Quietly horrifying and laced with bitterly black comedy, Fat Jewels is a moody, miserable study of psychosexual abuse. Set in one room of a grubby council flat, the story centres on troubled lad Pat, whose fear of his own deteriorating mental health leaves him vulnerable to damaged, old-enough-to-be-his-dad family friend Danny.
Robert Walters makes a chillingly believable predator here, running rings around the younger man as he works through his own myriad traumas, methodically seducing his victim with promises of friendship, fried food, and cathartic violence. Hugh Train, meanwhile, is energetic and engaging as Pat, playing the part with well-judged, unforced openness.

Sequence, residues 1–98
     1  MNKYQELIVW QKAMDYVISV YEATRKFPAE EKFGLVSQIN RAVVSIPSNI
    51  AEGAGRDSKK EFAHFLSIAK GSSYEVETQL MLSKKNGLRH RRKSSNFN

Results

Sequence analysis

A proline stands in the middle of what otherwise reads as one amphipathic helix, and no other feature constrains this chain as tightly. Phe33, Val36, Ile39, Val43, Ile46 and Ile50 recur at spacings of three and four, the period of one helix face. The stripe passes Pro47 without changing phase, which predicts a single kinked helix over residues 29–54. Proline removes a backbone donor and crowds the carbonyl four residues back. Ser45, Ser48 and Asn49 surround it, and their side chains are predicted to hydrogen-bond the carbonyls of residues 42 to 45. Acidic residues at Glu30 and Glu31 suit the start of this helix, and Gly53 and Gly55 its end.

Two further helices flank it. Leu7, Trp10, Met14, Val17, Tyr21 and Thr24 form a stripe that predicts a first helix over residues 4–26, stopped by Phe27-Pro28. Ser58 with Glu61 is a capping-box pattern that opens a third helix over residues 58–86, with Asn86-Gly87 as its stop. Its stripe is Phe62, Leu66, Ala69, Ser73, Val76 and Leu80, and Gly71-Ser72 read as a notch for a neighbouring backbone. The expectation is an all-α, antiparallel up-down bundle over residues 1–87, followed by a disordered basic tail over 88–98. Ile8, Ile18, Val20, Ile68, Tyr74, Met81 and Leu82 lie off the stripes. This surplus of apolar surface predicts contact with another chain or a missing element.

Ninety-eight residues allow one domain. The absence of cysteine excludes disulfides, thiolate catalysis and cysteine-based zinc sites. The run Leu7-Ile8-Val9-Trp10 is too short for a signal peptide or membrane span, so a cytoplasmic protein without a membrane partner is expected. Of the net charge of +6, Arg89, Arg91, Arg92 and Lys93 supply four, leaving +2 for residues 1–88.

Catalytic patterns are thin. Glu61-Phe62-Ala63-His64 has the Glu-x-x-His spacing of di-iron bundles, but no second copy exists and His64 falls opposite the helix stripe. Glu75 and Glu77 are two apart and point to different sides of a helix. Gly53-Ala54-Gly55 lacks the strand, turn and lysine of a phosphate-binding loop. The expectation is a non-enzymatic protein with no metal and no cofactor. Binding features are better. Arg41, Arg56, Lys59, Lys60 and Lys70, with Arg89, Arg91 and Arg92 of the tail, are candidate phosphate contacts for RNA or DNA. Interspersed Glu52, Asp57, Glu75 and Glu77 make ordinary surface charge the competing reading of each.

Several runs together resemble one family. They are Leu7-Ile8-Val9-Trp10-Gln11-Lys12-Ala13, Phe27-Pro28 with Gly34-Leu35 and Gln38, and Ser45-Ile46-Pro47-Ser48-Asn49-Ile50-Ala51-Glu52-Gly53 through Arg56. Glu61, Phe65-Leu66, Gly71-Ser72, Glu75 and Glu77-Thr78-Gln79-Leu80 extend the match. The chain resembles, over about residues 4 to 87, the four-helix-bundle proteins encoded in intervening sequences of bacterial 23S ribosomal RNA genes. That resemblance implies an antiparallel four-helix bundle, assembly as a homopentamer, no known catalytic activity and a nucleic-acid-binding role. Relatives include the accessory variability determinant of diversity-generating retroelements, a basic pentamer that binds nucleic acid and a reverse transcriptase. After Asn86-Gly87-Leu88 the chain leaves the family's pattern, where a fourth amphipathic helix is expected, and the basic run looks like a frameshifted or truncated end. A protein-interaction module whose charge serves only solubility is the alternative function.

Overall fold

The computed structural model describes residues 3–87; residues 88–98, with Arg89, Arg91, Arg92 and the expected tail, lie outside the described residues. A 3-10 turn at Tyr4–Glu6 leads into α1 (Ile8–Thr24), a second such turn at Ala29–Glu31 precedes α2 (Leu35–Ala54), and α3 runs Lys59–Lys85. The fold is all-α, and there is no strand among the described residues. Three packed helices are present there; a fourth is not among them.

Luke Davies directs with the same frank empathy he brought to 2017’s The Chemsex Monologues, creating an atmosphere of creeping awfulness while working hard to unearth the sympathetic strands in Joseph Skelton’s keenly observed but deliberately directionless script. Though the plot develops through jarring peaks and ploddingly slow plateaus, the bleak dialogue is absorbing, ringing true in both naturalistic and darkly lyrical passages. Exploring their deeply repressed needs, the characters linger with queasy sensuality on descriptions of chip grease glittering on skin, of an imagined abuser’s shadow crossing the wall like Nosferatu.
Designed by Andrew Skelton, the set is cluttered with takeaway cartons and lager cans, sleeping bags and a child-sized chair, all scattered against a backdrop of angular puce panels. The effect is simultaneously recognisable and disorienting, hinting at the disordered lives and seething desperation of the play’s disaffected characters.